They also have collaborated with health officials and hospitals in the test state of Indiana to determine the feasibility of an alternative-care system that may require activation once a pandemic illness reaches a local area. The study looks at how authorities react, what facilities are available that may be needed to care for pandemic patients and how to communicate timely information between authorities and their planning partners and to the general public. The Indiana State Department of Health funded the research.


Contact: Susan Polowczuk
Clemson University

Related medicine news :

1. Body movements can influence problem solving, researchers report
2. Researchers identify the gene responsible for a rare form of congenital anemia
3. K-State Researchers and Their Partners Making it Easier for Rural Kansans of All Ages to Stay Healthy Despite Limited Access to Facilities Like Bike Trails, Gyms
4. IBM and Medical Researchers Launch Effort To Find Flu Drug Treatments
5. Children with concussions require follow-up care before returning to play, say researchers
6. Children with Concussions Require Follow-up Care Before Returning to Play, Say Researchers
7. Cancer-obesity link discovery by MSU researchers could aid prevention efforts
8. Researchers design unique method to induce immunity to certain STDs
9. Researchers to Monitor Public Perception of Swine Flu Outbreaks Using Technology from Realtime Search Engine, OneRiot
10. Researchers identify stroke predictors in black patients
11. Penn Medicine, CHOP researchers demonstrate first common genetic risk factors for autism
Post Your Comments:
(Date:10/12/2017)... ... October 12, 2017 , ... First Healthcare ... program management, will showcase a range of technology and learning solutions at the ... Convention and Expo to be held October 14–18, 2017 at the Mandalay Bay ...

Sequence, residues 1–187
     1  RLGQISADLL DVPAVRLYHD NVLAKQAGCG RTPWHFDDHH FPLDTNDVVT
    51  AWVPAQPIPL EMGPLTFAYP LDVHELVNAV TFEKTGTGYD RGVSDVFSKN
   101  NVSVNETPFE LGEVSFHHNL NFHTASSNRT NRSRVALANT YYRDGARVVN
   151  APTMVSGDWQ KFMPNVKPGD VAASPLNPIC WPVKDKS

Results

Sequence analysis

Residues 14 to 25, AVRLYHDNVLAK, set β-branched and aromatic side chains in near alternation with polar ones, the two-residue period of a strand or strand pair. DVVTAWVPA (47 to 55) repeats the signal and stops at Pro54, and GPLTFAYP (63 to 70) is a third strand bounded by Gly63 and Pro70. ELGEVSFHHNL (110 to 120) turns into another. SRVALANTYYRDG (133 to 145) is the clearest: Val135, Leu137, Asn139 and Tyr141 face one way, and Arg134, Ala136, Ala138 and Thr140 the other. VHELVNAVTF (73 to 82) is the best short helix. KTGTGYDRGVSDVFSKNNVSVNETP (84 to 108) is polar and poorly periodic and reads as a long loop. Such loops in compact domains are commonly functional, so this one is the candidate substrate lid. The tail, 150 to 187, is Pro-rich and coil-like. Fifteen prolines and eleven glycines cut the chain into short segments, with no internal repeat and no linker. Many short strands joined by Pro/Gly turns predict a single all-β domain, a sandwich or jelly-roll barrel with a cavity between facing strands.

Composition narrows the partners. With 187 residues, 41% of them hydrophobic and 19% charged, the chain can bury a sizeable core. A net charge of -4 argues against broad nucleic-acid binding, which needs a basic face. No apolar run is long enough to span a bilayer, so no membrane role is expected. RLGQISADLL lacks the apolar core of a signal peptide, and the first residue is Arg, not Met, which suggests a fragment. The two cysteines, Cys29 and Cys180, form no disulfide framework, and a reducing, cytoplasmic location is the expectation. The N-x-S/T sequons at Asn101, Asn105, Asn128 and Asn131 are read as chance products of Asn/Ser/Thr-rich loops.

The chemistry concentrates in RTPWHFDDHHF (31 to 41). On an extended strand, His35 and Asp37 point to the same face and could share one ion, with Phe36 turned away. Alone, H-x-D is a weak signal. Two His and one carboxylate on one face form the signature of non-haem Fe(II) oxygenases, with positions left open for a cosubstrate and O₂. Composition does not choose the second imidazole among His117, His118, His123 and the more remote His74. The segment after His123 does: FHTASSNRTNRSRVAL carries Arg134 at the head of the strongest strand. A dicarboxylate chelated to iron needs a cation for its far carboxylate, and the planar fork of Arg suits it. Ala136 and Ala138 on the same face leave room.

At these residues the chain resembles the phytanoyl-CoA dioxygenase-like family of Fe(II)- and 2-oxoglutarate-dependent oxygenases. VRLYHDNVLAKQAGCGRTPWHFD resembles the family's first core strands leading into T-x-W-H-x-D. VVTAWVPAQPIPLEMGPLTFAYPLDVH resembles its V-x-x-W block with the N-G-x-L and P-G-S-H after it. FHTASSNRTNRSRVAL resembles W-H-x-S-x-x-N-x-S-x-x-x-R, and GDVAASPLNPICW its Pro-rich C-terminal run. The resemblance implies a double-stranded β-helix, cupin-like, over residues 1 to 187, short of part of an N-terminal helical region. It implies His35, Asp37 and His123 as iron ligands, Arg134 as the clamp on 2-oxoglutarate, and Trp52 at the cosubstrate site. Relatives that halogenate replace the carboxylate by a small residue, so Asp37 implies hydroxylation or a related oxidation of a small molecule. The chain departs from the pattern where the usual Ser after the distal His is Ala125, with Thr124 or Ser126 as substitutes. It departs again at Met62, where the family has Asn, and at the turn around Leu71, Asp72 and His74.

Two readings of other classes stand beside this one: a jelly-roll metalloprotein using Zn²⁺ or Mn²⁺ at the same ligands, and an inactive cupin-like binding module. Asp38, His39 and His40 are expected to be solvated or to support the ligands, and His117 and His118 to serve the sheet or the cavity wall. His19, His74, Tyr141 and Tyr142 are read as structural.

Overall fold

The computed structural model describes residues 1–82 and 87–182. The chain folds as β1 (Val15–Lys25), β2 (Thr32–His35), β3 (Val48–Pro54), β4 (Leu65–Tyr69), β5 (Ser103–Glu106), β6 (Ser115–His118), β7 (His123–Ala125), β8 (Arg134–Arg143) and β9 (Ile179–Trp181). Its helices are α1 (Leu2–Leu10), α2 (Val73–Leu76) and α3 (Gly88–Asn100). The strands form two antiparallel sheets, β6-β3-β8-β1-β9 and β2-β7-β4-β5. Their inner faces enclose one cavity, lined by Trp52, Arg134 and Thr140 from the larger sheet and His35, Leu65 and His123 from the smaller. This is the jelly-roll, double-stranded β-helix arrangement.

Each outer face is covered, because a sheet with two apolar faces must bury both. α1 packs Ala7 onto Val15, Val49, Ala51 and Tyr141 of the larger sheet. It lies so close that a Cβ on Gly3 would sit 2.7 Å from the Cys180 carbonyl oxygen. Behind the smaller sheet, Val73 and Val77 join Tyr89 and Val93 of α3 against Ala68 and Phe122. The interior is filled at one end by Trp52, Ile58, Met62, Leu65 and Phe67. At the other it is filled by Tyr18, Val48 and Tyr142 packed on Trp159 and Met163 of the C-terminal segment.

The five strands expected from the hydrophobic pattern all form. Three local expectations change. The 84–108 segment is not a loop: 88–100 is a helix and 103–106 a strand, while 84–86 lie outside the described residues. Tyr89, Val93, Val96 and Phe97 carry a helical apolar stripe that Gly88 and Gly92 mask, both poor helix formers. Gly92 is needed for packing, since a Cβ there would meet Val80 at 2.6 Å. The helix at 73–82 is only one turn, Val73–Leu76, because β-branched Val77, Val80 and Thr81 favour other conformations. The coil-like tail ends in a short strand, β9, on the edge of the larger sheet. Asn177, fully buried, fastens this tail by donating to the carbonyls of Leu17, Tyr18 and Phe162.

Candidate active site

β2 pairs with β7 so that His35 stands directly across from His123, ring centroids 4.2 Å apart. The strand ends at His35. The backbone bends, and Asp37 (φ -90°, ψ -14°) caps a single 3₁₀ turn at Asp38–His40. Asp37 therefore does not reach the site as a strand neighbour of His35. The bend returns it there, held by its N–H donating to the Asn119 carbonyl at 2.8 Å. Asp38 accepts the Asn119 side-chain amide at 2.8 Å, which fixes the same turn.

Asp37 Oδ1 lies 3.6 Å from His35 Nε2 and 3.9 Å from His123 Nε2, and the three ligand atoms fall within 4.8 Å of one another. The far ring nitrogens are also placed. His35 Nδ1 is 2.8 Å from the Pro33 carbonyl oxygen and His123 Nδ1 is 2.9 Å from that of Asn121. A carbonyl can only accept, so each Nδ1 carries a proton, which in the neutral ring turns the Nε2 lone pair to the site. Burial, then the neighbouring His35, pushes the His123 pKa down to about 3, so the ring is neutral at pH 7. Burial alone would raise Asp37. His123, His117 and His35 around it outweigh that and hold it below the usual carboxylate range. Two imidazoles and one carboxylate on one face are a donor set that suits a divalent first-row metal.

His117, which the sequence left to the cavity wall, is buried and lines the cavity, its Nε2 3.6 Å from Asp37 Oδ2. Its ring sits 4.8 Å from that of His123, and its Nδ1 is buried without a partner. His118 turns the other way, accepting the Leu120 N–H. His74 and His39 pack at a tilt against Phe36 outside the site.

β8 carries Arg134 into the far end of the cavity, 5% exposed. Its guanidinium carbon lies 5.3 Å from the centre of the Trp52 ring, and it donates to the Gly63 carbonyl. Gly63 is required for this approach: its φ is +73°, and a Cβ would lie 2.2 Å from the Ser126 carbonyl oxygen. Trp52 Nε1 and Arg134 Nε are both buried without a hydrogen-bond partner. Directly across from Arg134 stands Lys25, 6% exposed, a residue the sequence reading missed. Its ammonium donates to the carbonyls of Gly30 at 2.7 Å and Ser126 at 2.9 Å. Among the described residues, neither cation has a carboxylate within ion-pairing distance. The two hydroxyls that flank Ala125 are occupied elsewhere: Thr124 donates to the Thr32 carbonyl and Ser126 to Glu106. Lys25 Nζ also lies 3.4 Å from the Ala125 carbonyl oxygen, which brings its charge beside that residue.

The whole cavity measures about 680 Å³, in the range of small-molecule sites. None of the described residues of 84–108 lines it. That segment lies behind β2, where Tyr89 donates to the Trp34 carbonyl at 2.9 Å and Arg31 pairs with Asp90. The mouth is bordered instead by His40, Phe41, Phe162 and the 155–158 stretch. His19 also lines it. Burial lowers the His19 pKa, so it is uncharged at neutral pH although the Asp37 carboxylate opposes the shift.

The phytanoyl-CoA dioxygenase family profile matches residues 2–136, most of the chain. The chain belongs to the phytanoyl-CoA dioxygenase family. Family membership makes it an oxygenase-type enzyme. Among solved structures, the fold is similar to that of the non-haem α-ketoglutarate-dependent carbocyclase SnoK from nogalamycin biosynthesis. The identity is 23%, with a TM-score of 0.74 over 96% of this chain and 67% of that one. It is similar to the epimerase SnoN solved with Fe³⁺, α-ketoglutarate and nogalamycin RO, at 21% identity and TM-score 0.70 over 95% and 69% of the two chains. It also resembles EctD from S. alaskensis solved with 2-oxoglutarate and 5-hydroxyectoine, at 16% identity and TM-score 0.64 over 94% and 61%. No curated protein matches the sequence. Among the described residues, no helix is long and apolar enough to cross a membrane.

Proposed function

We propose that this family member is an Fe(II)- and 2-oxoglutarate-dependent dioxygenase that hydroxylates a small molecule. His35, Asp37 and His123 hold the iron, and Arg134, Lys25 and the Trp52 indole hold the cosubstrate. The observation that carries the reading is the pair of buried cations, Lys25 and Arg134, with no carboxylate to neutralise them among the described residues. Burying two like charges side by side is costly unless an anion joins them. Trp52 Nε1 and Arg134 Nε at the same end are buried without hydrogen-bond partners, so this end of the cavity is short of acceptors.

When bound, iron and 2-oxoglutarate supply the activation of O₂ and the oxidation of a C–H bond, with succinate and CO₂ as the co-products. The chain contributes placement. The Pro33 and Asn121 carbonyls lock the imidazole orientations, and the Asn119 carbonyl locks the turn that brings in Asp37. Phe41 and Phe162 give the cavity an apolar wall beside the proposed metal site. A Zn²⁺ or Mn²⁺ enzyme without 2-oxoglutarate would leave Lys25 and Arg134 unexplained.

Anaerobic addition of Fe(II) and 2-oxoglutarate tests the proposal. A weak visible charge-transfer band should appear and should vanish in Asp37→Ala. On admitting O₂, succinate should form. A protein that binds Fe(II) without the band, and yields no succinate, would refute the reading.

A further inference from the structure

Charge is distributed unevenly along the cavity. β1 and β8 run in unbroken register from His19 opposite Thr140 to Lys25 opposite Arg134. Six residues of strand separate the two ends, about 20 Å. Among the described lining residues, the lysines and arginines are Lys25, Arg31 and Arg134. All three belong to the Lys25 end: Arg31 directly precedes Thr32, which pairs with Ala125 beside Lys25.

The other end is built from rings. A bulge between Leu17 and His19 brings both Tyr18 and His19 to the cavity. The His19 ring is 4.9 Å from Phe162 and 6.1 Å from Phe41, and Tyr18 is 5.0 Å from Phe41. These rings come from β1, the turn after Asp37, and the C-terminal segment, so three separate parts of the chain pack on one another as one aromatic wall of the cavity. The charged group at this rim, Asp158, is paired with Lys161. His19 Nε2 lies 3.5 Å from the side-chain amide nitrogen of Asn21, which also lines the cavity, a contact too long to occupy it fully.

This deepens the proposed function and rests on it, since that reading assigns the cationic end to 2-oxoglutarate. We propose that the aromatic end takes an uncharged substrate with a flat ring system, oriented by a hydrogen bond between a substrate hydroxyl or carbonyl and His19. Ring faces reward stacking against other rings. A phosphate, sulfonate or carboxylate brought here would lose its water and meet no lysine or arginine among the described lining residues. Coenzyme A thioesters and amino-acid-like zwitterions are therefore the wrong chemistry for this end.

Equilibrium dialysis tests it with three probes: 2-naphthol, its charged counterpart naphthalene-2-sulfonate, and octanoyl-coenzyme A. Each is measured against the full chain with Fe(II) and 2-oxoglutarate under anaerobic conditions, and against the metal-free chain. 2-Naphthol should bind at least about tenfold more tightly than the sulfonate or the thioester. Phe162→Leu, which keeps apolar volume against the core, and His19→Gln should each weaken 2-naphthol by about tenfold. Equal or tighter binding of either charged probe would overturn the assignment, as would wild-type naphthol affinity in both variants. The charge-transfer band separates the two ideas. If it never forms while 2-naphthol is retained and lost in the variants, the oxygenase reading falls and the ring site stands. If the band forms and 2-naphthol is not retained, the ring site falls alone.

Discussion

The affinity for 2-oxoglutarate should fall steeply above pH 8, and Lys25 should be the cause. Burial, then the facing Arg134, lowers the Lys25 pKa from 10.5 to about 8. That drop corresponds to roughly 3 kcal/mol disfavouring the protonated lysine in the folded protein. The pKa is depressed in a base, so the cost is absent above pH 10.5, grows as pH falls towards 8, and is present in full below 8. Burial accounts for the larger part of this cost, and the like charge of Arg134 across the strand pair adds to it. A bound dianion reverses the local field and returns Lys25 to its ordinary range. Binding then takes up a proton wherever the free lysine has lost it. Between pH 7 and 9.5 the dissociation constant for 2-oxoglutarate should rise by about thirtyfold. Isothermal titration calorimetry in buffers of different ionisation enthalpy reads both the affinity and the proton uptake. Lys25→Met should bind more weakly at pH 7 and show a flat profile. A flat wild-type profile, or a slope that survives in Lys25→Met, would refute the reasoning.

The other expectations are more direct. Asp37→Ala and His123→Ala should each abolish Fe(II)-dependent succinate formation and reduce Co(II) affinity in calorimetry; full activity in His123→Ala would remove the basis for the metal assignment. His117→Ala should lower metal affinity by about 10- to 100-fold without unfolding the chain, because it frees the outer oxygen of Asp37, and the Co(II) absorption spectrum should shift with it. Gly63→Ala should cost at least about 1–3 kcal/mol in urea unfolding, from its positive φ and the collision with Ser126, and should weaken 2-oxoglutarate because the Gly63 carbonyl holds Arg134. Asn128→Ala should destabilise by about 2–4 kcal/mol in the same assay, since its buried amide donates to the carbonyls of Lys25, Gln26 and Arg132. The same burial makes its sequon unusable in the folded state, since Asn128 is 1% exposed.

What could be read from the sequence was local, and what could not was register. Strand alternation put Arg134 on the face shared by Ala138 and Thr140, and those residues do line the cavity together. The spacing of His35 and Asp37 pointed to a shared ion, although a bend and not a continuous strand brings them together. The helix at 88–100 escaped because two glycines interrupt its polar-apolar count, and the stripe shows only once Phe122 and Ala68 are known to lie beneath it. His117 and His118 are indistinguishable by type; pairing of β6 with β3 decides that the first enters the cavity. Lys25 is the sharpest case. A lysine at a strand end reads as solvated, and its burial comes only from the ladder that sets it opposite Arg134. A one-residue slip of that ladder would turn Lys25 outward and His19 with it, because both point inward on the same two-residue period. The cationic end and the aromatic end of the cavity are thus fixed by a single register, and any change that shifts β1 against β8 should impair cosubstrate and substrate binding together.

(Date:10/12/2017)... ... 12, 2017 , ... Planet Fitness, one of the largest and fastest growing ... open a flagship location in Covington, LA at 401 N. U.S. Highway 190, in ... to Office Depot in the Holiday Square shopping center. Its location allows it to ...
(Date:10/12/2017)... PALM CITY, Fla. (PRWEB) , ... October 12, 2017 , ... ... of cold therapy products, announced today the introduction of an innovative new design of ... the multipurpose pad so you get maximum comfort while controlling your pain while using ...
(Date:10/12/2017)... (PRWEB) , ... October 12, 2017 , ... ... AccentCare, a leader in post-acute health care, have expanded their existing home health ... Home Health. , AccentCare has been operating a joint venture home health company ...
(Date:10/12/2017)... ... October 12, 2017 , ... Dr. ... recently contributed a medical article to the newly revamped Cosmetic Town journal ... spotlights the hair transplant procedure known as Follicular Unit Extraction (FUE). ...
Breaking Medicine News(10 mins):
(Date:10/4/2017)... WESTWOOD, Mass. , Oct. 4, 2017  According to the Centers ... by the end of October . PhysicianOne Urgent Care is helping communities ... Westchester, NY , by offering no-cost* flu shots through ... , as mandated by certain health insurance regulations. ... The best time to get a flu shot is by ...
(Date:10/2/2017)... 2017 Diplomat Pharmacy, Inc. (NYSE: ... Consulting, LLC , and named its founder as Diplomat,s ... Tennessee , will operate under Diplomat ... service offerings for health care partners to include IT ... "In an interoperable world, technology delivers comprehensive ...
(Date:10/2/2017)...  AllianceRx Walgreens Prime, the combined central specialty pharmacy ... benefit manager Prime Therapeutics LLC (Prime), today officially began ... unveiling of new signage at its headquarters in ... a few other company-owned facilities across the country. This ... of whom will begin to see the AllianceRx Walgreens ...
Breaking Medicine Technology: